I don’t own a copy of the Ball Book of Home Preserving, but that is the book we took both recipes from. We followed the marmalade pretty closely, substituting a couple of oranges for part of the lemons and halving the ginger, since that’s just what we had on hand. We also used raw sugar instead of the usual white, which I think played off the ginger very very nicely. I have to remember that trick for other jams.

For the preserved lemons we substituted the bay leaves for fresh basil, and added a star anise. Basil and lemon are so nice together, and while this makes it a bit less traditional, I’m confident that the flavors will work well together and be great. I just hope the basil doesn’t overpower the delicate flavor of the Meyer lemons. We’ll see!

P.S. We live tweeted our canning adventure, but if you missed it and are using twitter, you can follow me @kernelsandseeds and get updates for future adventures!

Doing the Can-Can

August is my birthday month. For the past six or seven years, I have celebrated my birthday month by spending most of it canning. This year, thankfully, August has been pretty warm, and it’s been even warmer in our kitchen since I’ve been canning or baking almost every day. Between the 50# of apricots, the figs, the crab apples, the birthdays (not just mine), the weddings, and I can’t even remember what else, it’s been a busy month.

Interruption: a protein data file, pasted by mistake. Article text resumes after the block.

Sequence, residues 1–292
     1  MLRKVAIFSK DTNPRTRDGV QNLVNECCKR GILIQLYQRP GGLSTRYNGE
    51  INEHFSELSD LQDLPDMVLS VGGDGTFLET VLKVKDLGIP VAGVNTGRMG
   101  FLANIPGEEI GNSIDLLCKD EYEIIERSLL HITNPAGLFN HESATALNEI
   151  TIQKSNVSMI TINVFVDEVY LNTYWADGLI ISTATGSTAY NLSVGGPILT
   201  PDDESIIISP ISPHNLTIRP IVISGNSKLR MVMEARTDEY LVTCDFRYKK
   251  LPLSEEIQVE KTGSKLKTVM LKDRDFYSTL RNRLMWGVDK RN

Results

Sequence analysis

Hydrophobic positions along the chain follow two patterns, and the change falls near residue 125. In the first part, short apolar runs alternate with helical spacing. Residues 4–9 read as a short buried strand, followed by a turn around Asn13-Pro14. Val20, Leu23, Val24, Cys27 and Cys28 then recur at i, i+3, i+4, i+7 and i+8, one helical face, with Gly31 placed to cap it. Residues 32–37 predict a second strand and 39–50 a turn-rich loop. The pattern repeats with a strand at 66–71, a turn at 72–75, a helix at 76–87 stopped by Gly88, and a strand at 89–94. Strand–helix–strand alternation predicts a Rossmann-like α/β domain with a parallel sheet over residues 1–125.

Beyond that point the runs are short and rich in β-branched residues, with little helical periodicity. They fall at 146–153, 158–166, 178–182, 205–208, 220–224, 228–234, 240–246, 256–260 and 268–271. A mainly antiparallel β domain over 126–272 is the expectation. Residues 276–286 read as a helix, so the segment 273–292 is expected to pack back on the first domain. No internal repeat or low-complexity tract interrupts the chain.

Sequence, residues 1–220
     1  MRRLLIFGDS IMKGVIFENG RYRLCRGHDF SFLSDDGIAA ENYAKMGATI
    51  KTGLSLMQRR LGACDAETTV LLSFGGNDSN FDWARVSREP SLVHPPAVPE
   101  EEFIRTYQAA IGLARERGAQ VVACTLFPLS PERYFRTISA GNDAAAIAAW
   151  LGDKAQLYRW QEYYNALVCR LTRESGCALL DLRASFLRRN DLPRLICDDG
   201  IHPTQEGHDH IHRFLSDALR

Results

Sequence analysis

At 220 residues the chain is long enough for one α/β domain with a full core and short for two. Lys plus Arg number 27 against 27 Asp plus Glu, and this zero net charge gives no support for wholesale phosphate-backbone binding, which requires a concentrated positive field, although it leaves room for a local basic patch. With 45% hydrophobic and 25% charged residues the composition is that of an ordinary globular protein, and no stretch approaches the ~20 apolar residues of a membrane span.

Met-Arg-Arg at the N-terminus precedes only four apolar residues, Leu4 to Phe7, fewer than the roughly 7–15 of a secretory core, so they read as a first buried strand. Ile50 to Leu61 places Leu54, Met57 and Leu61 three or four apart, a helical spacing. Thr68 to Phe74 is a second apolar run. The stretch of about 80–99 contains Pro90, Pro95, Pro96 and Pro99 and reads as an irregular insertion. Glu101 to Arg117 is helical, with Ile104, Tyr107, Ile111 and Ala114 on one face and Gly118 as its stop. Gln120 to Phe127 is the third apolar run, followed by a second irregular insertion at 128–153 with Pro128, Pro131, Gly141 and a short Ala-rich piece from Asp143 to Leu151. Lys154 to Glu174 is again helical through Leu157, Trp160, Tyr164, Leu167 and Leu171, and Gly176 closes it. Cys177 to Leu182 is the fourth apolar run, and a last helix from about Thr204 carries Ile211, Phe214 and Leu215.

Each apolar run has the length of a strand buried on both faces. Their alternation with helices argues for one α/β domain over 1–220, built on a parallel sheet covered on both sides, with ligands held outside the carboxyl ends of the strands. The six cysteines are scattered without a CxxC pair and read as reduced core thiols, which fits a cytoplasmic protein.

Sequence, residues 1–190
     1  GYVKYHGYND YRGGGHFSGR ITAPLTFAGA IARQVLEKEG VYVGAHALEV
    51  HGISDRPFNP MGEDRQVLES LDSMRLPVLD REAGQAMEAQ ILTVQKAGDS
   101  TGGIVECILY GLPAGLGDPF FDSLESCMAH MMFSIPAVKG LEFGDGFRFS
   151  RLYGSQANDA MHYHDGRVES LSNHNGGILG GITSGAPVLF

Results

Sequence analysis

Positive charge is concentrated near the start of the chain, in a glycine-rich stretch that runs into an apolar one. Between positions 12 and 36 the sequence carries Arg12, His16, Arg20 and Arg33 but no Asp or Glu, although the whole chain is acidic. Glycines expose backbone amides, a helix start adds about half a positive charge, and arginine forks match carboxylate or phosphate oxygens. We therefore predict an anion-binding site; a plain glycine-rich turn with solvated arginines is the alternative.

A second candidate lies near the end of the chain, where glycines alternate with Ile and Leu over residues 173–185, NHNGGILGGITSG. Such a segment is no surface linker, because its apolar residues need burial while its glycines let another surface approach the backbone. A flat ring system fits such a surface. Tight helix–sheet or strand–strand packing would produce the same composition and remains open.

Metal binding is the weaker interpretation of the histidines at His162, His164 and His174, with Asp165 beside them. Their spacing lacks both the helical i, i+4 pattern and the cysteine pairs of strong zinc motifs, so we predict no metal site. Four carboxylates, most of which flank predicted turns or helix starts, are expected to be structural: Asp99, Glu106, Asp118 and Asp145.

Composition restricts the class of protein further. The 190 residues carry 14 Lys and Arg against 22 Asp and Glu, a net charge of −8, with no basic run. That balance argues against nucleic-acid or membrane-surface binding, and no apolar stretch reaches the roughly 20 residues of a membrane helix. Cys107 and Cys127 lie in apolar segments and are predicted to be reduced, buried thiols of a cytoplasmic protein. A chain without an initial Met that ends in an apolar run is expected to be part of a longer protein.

It might seem like a lot of work to spend all that time canning, especially when it’s your birthday. But really, it’s the best birthday gift I could ever give myself. Aside from letting this awesome cutie “help” out in the kitchen of course (she loves the jar lifter tool!).


It’s the satisfaction of knowing that sometime, in the dead of winter, I can pull out a jar of something and savor a little bit of sunshine. It’s also satisfying thinking about putting a smile on people’s faces when I bring them a little jar of said sunshine as a treat, maybe just when they are getting sick of potatoes and squash.


My favorite part of canning is the snap of a jar sealing. It signifies all of that satisfaction like nothing else in the world.

Some of the things I’ve been canning are recipes easily found, and some are recipes I’ve altered. I have to say that of the ones I’ve done so far this season, the one I am most excited about is probably the fennel bulb with orange. It’s only a refrigerator pickle, so there wasn’t any processing necessary. That’s why it’s the perfect recipe to share with people who might be afraid to pickle…